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Are you wondering whether you should start adding weights into your exercise routine? The answer is usually yes! Read on to discover what the benefits of lifting weights are and decide for yourself.

The Major Health Benefits of Lifting Weights (and Busting the Myths)

There are enormous benefits to introducing weights to your lifestyle.

Feeling physically stronger is one of them of course, but it is really just touching the surface of how many ways weight bearing activities can help you to feel great.

And the best part is, you don’t have to lift heavy weights to start feeling these benefits. Even low-level weights as part of your weekly routine will help you to see positive change to your physical and mental wellbeing.

Lifting weights to feel great!

Weightlifting, in all its forms, plays an important role in maintaining a healthy lifestyle.

Some of the many benefits to your physical health are shown below, but first, let’s talk about how it can make you feel stronger on the inside.

Lifting weights can increase your confidence. Every time you can lift a little more, you feel a sense of achievement.

Then there are the visible changes to your body. Even if you are not lifting weights to build big muscles (it is optional! See the myth busting section below), you will likely see some muscle definition and strength exercises are also great for burning calories.

Improved posture is a physical benefit that can also improve your confidence. And muscle-building exercises often result in people experiencing a better sleeping pattern – which, if you have ever suffered from sleep deprivation, you will know that a good night’s sleep can greatly benefit your general mood and outlook on life.

Exercise in general reduces anxiety and depression. Lifting weights can also help to improve your mental alertness, cognitive abilities and memory.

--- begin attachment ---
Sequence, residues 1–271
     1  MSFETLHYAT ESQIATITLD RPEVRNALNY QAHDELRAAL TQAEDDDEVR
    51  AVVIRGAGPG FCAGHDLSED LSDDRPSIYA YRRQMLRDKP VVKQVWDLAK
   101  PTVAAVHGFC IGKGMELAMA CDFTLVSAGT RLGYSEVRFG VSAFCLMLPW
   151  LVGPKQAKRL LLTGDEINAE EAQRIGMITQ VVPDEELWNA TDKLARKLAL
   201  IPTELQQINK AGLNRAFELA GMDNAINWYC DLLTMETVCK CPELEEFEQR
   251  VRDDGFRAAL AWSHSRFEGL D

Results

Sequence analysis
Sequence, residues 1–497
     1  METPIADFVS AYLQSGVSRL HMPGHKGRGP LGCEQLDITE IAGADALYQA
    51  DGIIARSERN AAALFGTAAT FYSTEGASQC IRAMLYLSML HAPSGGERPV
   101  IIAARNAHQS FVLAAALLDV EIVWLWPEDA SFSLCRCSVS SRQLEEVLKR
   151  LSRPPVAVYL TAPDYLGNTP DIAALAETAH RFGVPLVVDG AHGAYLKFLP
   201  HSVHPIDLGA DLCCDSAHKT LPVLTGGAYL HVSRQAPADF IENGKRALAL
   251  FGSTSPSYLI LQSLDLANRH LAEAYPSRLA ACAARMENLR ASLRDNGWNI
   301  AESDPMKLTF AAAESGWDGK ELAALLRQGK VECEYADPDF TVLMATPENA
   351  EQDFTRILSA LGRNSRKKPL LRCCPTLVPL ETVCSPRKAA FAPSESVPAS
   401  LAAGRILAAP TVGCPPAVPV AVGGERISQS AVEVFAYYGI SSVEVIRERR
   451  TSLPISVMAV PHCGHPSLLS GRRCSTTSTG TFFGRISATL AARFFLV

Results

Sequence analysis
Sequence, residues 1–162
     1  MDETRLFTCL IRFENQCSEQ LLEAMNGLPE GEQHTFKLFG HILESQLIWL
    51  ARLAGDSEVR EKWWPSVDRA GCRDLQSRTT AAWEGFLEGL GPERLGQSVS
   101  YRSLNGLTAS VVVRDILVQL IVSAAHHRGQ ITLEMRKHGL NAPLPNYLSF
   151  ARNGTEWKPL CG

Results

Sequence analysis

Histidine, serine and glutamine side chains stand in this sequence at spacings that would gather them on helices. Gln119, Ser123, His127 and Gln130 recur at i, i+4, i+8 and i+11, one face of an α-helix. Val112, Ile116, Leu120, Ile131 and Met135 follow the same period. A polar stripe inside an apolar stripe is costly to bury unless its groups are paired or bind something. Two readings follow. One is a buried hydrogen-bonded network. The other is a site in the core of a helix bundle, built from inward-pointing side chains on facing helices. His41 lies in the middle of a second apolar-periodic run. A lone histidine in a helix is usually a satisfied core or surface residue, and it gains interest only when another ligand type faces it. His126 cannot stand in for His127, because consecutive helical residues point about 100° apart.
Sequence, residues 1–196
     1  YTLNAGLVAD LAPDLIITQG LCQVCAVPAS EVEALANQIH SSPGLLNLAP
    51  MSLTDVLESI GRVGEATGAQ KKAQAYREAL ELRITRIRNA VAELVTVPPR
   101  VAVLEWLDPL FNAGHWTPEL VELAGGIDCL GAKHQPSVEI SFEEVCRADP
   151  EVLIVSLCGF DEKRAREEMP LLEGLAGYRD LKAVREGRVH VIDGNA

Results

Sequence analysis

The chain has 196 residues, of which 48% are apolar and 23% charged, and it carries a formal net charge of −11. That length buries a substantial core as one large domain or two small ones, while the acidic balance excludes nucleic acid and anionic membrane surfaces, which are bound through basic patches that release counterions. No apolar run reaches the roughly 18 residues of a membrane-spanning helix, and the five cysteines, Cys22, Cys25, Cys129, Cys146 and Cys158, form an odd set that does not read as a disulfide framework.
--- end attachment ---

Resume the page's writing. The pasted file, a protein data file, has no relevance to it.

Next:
Improving your physical health

The physical health benefits of lifting weights can include;

  • A stronger, healthier heart
  • Increased metabolism
  • Control of blood sugar levels
  • A reduced risk of diabetes
  • Increased bone density
  • The reversal of the effects of Osteoporosis in old age

A regular routine can also improve your balance, reducing the likelihood of falls and lower inflammation.

Benefits can be felt soon after starting, but importantly, many of the benefits are long-lasting, so adding weight activities to your lifestyle now can greatly improve your health in the years ahead.

Overall, lifting weights is a form of training that can drastically enhance your quality of life. Now, lets look at some of those weight-lifting myths.

Weight-lifting myths

“I will just get big and bulky”

To get the big muscles that deters some people from starting to lift weights, takes a lot of time and dedication, working towards strict guidance, diet and muscle-building workout plans, for many hours per week.

Unless that’s what you’re planning, you are most likely to see small, positive changes to muscle definition and potentially some weight loss without turning into ‘the Hulk’.

“Cardio will burn more calories than strength exercise”

This is a half-myth. Yes, cardio burns more calories than weight-training exercises during the time that you are exercising. But, your body burns calories and fat for a longer period of time post-workout after a weights workout.

This is due to the way in which muscle is built. During the weight-lifting process, the fibres of the muscles tear slightly and it is when the body repairs itself, fusing the fibres back together again, that muscle mass is increased.

“If you suddenly stop training, your muscles will turn to fat”

Luckily, it’s scientifically impossible for muscle to turn into fat.

So, what does happen? Muscle grows as you exercise. When you stop exercising those muscles, they inevitably do the opposite. They shrink in size, which leads to the appearance of muscles being less defined. But they will never turn to fat.

“You have to train everyday to see results”

It’s actually recommended not to train everyday and ensure you have rest days.

The ideal is every other day, or 3 times a week. This allows your body to rest and ‘repair’ itself, and it is during this time that the muscle increases.

“Weight training can be bad for your joints”

Lifting weights is actually a great way of strengthening the muscles around the joint to improve stability and mobility. It is often part of the recovery process from injury.

That said, if you have joint pain, arthritis or have suffered an injury, please do consult your doctor before starting any new weight bearing activity. They will be able to advise you on a routine that is best for you.

Lifting weights really can have a positive impact on your life.

And one of the best things about adding weights to your lifestyle, is that it is so easy to start. Got some water bottles laying around? Do some reps! Carrying your shopping in from the car? Reps! You can do it anywhere and anytime.

Take a look at some sample workouts to get you started.


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